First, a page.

4. Wings: I cut the one piece of foam for the wing down to the right shape and cut it in half. This way each wing had the exact same shape. :)
5. The same was done for the horizontal stabilizer, but here use the table or wall as a guide for the cutter.
Step 4: Sand
1. Before sanding I placed the wing where it should go on the glider when it will be shaped. I marked the location with pen then used a tooth pick to join the 2 wings and body.
2. Cut! Just like cutting, use mask as needed. :)
3. Start with the high grit sand paper to sand the shape of the body and the wings. Note: I free handed the airfoil and used the cutter to cut away the larger bits of foam on the wing I otherwise would have sanded off.
4. Take your time here and do not carve into the foam with the sandpaper. Be sure not to forget to sand the bottom of the wings as well, and line up the wings to make sure sanding is even. Use two toothpicks in the extra foam block to test the balance of the glider again. Place the glider wings on the toothpicks about 1/3 the way to the front of the wings. Adjust sanding as needed.
Step 5: Glue
1. Glue the wings on the glider body with the tooth pick in the glider. After the wings dry about half way glue the horizontal stabilizer using scrap foam to hold drying parts in place, OR to keep the parts from shifting around use tooth picks to stick the plane in the extra foam where the horizontal stabilizer is supported.
2. Coat the entire plane in a water and glue mixture.
3. OH NO! You broke the tail now? No problem! If you haven't already go ahead and snap the tail off at the thinnest point! Do not cut the tail with the cutter. Sand a toothpick down some with low grit sandpaper and snap it in half. Sand the rough end to a point and use it to connect the tail and body. Glue. This will help prevent the tail from snapping off when testing the glider in a flight.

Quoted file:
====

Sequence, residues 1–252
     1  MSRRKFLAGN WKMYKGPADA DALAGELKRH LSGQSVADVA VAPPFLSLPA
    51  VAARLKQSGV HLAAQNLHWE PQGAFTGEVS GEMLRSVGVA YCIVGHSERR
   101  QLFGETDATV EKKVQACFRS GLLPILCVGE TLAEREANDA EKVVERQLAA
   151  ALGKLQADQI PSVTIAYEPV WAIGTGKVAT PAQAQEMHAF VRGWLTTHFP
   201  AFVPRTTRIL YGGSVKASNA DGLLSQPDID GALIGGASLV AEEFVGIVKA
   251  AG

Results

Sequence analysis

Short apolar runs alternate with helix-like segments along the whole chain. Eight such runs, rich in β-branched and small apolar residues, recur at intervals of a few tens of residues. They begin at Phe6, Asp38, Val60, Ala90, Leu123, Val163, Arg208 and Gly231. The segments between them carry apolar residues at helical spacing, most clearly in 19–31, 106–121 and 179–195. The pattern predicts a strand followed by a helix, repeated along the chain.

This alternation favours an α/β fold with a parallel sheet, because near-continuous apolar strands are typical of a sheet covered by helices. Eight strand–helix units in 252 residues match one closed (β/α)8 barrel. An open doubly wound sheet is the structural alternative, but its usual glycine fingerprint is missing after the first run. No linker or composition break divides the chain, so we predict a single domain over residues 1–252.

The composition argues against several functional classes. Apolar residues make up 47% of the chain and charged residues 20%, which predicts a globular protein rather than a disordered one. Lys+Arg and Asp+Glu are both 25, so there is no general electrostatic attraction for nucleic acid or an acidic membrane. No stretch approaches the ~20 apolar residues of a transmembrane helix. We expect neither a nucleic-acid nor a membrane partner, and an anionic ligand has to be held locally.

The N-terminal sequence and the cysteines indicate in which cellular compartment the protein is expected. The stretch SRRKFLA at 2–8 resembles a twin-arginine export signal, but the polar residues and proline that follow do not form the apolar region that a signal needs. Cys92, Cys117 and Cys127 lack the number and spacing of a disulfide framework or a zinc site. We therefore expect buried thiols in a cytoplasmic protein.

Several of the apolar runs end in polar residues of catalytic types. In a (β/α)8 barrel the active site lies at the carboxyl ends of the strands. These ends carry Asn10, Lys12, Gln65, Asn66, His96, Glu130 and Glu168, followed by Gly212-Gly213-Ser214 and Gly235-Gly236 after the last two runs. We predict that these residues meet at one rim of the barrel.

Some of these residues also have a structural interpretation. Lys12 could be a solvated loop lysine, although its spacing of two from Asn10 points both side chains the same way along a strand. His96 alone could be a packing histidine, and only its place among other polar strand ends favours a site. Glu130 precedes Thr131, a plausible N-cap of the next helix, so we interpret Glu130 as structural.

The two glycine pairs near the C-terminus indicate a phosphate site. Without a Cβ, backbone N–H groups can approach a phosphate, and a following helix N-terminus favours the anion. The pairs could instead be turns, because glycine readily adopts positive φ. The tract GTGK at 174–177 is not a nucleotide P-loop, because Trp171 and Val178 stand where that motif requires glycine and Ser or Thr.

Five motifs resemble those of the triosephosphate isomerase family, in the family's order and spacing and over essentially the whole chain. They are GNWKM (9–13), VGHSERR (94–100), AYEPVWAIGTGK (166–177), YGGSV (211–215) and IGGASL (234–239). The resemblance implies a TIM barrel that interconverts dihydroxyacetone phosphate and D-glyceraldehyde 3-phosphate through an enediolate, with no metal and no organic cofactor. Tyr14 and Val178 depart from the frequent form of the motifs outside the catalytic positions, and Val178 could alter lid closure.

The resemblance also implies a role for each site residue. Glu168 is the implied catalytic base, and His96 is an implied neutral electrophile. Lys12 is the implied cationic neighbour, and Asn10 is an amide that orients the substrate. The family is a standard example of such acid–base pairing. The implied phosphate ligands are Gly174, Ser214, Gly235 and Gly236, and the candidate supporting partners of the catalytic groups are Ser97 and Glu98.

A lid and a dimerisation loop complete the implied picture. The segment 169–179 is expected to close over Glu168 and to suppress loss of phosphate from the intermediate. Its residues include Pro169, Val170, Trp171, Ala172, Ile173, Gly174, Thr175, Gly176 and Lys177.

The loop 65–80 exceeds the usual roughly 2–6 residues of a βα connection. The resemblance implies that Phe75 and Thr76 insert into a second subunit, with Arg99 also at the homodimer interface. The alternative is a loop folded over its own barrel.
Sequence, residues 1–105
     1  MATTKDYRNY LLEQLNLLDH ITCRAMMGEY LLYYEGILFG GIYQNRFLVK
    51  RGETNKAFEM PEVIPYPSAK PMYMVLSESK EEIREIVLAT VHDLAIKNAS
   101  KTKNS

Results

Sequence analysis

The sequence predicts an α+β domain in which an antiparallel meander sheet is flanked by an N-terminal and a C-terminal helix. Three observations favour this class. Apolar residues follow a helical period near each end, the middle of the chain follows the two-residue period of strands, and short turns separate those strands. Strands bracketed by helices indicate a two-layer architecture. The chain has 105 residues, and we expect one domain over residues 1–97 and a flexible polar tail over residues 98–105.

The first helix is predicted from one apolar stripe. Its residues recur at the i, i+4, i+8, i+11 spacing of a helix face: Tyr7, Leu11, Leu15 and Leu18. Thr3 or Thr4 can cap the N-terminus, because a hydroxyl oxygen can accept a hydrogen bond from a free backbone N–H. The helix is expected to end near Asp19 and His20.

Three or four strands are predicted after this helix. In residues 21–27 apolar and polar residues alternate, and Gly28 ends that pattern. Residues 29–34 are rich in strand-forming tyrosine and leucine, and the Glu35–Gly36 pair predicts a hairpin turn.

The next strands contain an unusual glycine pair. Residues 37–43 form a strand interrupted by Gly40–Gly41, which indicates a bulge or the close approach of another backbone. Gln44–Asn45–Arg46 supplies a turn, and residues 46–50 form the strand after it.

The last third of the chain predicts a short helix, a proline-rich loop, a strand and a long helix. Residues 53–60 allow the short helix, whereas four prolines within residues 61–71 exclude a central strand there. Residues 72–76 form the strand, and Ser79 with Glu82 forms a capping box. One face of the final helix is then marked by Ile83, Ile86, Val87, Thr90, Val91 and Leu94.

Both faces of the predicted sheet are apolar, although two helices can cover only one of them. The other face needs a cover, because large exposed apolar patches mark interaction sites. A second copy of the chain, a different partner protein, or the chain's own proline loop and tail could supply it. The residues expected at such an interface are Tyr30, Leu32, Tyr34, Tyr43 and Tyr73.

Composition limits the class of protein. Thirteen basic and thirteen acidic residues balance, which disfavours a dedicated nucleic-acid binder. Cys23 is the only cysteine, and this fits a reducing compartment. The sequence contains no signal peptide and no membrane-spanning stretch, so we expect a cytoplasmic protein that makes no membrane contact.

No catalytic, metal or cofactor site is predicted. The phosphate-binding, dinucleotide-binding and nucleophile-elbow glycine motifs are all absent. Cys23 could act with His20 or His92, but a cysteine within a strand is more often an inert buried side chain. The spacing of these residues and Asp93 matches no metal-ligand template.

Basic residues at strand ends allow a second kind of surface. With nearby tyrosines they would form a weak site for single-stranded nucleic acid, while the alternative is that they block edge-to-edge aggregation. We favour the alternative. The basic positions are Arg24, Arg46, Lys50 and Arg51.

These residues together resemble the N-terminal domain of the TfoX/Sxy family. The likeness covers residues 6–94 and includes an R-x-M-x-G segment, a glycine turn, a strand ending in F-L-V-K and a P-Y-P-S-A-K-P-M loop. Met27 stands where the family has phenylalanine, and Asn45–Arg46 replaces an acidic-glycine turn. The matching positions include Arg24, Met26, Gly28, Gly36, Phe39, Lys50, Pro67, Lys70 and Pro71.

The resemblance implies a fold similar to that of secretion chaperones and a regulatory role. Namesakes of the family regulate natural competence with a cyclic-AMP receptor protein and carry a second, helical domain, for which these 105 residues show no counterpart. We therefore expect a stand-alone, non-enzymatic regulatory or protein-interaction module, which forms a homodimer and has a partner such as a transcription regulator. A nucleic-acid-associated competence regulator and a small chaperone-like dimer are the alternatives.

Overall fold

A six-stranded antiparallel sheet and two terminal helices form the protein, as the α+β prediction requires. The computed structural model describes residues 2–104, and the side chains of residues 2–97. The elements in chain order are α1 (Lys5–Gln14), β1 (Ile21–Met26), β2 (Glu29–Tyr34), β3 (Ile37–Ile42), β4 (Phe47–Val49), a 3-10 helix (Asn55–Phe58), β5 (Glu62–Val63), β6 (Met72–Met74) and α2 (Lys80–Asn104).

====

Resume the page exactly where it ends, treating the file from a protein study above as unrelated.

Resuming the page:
Step 6: Weight and Flight
1. When the glue dries use two toothpicks in the extra foam block to test the balance of the glider again. Place the glider wings on the toothpicks about 1/3 the way to the front of the wings.
2. Adjust weight as needed with trimmed down floral wire or solder by poking small pieces through the foam. Sand to adjust weight as needed.
3. I used a hair tie for weight on the nose of the glider, but a 3D printed canopy or balsa wood could also work. This is up to the builder's discretion.
4. After I finished the assembly I had to make numerous minor changes by sanding the wings and re-applying glue coats.
5. Fly! Test fly the plane. If the plane flies fine congrats! if the plane does not fly fine go to step 7.
Step 7: What's Wrong With the Glider?
1. Because the glider is so small the smallest bend or misalignment will skew the flight. If the glider flies straight then turns upside down and falls the issue could be a heavy tail. Sand down the tail a little bit or add weight to the front. Use the toothpicks under the wing to test for equal weight of the tail and nose.
2. If the glider only dives then the nose could be too heavy. Sand down the nose or remove weight from the nose.
3. If the glider turns left or right sand the wings till they are even.
4. If the glider has another problem where the flight is not straight the angle of incidence could be off. This is the bottom of the horizontal stabilizer and the bottom of the wing. Point the nose of the plane to the ground and drop the plane. If the plane dips back or forward then the issue is the incidence. Put tape below the horizontal stabilizer and one below the wing. The two pieces need to be parallel. If they are not determine if the front or back of the horizontal stabilizer needs to raised or lowered. I had this issue and I solved it by melting a little bit of the foam on the tail in front of the horizontal stabilizer and gluing it down.
5. Fly in a low wind area to test for these after tackling these problems.